SEPTEMBER 17, 1953
NEW YORK, Wednesday—A rather interesting little booklet was sent to me not long ago written by Walter L. Blair. He says that he came here from the West Indies 34 years ago and has lived in New York City continuously ever since. He was surprised by many things he found here, particularly in Harlem where he went to live. The idea that people of African descent must all live in this rather restricted area seemed to him a strange phenomenon and then he was surprised by the fact that there was often a lack of good feeling among American Negroes and those who came from the West Indies.
He soon found that there were others from many parts of the world who were also of African descent and could not understand why they could not develop unity amongst themselves. Later he met people who helped the colored people get together and better their conditions and who created greater friendliness among them.
He now has the feeling that "a new day may be dawning for our nation, and for the world, in having a leader of outstanding prominence who feels the need of prayer, a leader who follows the principles of love and justice laid down by our Creator, who is more worthy of my confidence than the leader of a nation and a people who feel that their leader is supreme and God is not needed in the direction of their affairs."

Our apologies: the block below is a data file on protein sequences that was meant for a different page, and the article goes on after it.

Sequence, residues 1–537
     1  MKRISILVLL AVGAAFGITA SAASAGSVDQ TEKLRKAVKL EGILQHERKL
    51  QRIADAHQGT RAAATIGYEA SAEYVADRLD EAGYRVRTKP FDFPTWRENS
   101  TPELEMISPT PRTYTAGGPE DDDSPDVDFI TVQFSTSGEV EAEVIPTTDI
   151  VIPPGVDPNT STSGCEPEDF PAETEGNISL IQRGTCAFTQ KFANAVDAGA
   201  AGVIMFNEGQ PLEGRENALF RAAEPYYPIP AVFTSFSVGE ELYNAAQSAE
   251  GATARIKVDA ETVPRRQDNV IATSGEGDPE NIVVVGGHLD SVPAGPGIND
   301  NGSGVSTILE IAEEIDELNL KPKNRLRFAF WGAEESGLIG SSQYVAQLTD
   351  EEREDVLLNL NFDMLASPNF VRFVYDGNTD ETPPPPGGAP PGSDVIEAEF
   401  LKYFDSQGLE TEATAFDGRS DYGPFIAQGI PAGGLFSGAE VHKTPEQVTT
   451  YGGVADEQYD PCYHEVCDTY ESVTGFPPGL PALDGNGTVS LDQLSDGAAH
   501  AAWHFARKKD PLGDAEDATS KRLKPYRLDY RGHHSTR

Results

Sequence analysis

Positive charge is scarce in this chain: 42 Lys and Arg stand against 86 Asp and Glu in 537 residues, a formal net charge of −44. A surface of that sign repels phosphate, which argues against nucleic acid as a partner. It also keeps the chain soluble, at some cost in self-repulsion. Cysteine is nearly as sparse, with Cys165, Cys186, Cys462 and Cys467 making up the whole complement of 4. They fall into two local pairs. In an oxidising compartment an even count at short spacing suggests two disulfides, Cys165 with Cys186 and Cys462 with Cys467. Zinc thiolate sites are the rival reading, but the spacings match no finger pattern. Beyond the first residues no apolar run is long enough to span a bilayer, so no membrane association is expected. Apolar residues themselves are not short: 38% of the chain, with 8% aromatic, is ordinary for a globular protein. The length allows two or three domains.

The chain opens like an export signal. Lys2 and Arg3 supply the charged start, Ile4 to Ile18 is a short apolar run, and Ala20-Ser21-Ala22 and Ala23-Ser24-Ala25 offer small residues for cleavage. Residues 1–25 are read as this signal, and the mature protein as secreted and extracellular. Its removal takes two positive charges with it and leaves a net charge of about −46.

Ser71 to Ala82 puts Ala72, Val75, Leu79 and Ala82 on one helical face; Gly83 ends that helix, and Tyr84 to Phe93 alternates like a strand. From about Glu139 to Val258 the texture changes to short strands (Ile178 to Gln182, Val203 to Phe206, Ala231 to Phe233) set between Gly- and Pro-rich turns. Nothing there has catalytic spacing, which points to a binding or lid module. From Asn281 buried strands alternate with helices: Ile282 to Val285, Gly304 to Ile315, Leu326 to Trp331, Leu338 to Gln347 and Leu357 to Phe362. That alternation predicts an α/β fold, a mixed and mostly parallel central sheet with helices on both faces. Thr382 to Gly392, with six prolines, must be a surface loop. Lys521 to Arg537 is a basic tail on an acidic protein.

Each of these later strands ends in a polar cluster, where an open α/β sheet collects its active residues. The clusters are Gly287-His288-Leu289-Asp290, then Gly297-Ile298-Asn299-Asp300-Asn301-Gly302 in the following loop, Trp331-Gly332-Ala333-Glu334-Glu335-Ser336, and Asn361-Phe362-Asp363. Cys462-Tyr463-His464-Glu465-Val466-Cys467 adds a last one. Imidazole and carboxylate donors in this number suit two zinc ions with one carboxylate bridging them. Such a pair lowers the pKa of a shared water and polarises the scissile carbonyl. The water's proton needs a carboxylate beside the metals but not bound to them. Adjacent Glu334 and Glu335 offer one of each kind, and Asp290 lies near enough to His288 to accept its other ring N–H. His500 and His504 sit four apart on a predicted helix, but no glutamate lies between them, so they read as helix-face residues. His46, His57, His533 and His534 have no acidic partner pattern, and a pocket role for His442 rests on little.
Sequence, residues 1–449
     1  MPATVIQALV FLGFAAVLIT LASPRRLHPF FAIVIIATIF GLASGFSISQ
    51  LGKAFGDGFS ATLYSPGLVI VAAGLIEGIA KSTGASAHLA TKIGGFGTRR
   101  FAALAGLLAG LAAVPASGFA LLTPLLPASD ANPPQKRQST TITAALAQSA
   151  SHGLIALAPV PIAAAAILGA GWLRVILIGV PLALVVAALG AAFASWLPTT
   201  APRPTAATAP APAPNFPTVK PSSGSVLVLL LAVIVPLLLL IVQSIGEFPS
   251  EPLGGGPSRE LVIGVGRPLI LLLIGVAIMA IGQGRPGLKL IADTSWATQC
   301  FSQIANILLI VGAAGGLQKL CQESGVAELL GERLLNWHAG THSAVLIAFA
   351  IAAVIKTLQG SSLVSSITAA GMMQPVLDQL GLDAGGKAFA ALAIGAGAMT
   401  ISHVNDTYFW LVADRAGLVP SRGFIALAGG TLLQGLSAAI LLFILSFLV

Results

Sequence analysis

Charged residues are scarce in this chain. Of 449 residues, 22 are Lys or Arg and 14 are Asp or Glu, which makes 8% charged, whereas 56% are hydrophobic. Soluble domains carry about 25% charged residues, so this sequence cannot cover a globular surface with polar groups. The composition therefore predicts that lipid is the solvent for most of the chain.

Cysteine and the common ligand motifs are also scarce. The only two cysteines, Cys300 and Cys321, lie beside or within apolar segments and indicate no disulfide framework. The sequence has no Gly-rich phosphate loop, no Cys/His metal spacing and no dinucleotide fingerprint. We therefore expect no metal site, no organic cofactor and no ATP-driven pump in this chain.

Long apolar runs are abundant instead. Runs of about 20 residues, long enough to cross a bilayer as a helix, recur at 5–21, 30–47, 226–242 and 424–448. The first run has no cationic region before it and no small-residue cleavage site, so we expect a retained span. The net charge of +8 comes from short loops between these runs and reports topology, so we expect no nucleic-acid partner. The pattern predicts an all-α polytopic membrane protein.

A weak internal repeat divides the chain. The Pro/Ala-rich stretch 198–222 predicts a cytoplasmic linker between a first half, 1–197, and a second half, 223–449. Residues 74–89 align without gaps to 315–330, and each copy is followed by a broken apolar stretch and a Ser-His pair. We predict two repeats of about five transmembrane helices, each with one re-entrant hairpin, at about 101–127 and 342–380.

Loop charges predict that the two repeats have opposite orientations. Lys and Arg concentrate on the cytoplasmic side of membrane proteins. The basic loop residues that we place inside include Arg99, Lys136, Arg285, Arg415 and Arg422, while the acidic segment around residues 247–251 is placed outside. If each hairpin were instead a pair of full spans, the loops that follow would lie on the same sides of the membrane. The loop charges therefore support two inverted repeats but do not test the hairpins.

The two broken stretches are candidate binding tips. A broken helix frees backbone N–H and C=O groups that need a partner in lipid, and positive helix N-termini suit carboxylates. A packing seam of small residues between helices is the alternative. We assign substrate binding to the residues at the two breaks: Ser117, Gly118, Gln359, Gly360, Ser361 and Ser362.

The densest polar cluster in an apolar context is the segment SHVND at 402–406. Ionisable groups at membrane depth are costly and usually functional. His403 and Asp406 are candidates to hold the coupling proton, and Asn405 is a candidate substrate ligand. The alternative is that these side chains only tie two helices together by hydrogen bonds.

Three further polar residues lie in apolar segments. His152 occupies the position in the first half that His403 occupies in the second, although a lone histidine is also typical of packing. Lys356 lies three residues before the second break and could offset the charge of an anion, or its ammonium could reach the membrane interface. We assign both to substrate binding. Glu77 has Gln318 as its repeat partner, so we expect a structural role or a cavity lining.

In these few words this member of the African race has stated his reasons for not believing in Communism as practiced in the Soviet Union today. I think there are many Negroes in this country who because of their deep religious sense are opposed to all Communist propaganda, but I think all of us should remember that regardless of where people come from, those of African descent who live among us want an opportunity to be treated as equals.
This comes out in the last paragraph of this little pamphlet when the writer quotes the words uttered by President Eisenhower: "Any man who seeks to deny equality to all his brothers betrays the spirit of the free, and invites the mockery of the tyrant." Mr. Blair goes on to say himself: "Those words are not meaningless. They are significant to the cause of justice not only in our country but throughout the entire universe. Let us put them into practice, then when that is done the pathway will be clear to travel the way of leadership, honesty, and service with a conscience clear that we are worthy of the task assigned to us by Almighty God."
In this last paragraph Mr. Blair has given us a challenge as regards our leadership in the world and I think we should think of it seriously.
(WORLD COPYRIGHT, 1953, BY UNITED FEATURE SYNDICATE, INC. REPRODUCTION IN WHOLE OR IN PART PROHIBITED.)
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About this document
My Day by Eleanor Roosevelt, September 17, 1953
Digital edition created by The Eleanor Roosevelt Papers Project The George Washington University 312 Academic Building 2100 Foxhall Road, NW Washington, DC 20007
- Brick, Christopher (Editor)
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